There's a reason people are so hyped up about the coming internet of things, and it's because if and when ubiquitous computing actually comes to pass it'll be amazingly surreal. A couple of credit cards near each other could transfer money between them, because they know your bill is due soon. Your iWatch could tell your smart TV to start recording Breaking Bad because your Google calendar knows you're out of town that week. All without any human effort.
What's kept the idea a concept instead of a reality thus far isn't innovation so much infrastructure. Popular Science laid out the nicely in an article yesterday: "The Internet of Things is actually hundreds of smaller, fractured Internets. Devices exist in their own discrete networks, which forces consumers to either choose among them or operate in several at once," it wrote. "Getting them to work in sync is the hard part."
Engineers from the University of Washington may have cracked that nut. They recently developed a way for devices to communicate with each other, using existing wireless, TV, or cellular signals already floating around the air. What's more, their "ambient backscatter" technology is able to harness those signals and transform them into a power source for those very devices.
Researchers published their results this week and presented them at the the Association for Computing Machinery’s Special Interest Group on Data Communication 2013 conference, underway now in Hong Kong.
Leeching power from wireless airwaves—a variation of Nikola Tesla's vision for wireless power way back in 19th century—is also a big milestone for the internet of things. The average household today has 10 smart gadgets, and experts predict that that will jump to 50 within the next 10 years. Who wants to worry about replacing the batteries or plugging in the USB charger for 50 gadgets scattered around the house?
With the ambient backscatter, devices don't need batteries or wires to work, just a small antenna, which flashes when it receives a communication signal from another device. That sounds almost too good to be true. I mean, how great would it be if you never again had to worry about your laptop or cell phone dying because you forgot to plug it in? Granted, at this point the backscatter prototype can power mere microwatts—enough for a microcontroller, but a Macbook, not so much. It'll be interesting to see if the technology can scale.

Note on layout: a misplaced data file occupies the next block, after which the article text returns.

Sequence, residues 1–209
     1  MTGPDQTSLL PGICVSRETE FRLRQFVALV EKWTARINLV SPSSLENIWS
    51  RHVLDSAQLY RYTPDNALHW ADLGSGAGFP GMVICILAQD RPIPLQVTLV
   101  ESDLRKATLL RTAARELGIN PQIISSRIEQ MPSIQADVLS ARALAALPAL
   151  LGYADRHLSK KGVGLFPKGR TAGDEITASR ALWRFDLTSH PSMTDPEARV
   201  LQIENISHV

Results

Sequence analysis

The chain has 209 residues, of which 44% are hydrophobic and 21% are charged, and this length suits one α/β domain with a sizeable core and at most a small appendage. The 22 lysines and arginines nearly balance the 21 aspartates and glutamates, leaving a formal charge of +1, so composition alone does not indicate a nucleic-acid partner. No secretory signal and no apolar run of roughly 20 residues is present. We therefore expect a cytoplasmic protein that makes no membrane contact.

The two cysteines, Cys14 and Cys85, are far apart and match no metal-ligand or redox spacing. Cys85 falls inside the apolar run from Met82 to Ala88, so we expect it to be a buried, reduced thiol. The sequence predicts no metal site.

Now back to the part where inanimate objects are chatting it up. The smart objects enabled with the technology communicate by "backscattering" existing ambient RF signals (hence the name). It's like Morse code for gadgets, the researchers said.
Via the University of Washington
So far, the ambient backscatter can deliver information between devices at about a kilobit per second—just enough to send a text message—for up to two and a half feet. So, as an example, your could text your iPhone that your keys are stuck between the cushions.
You could also conceivably embed the sensors into everyday, "dumb" objects, so they too could interact with all the other devices on the network. The world around us would be a big, automated, intelligent, invisible machine.
At the University of Washington, researchers successfully tested the ambient backscatter in a couple scenarios. One, a smart bus pass was able to transfer money to other cards nearby. "When a user swipes the touch sensor int he presence of another card, it transmits the current balance stored in the microcontroller and confirms the transaction by flashing the LED light," researchers wrote.
Two, smart tags on grocery items—in this case, cereal boxes—could interact with shelves, and would blink to communicate if a box was out of place.
Researchers go on to name a handful of potential applications for the new technology: A bridge enabled with sensors could send an alert if there's a crack in the concrete. You could pay the bill in a restaurant by swiping the credit card on the bill itself. I'll let your imagination can take if from here.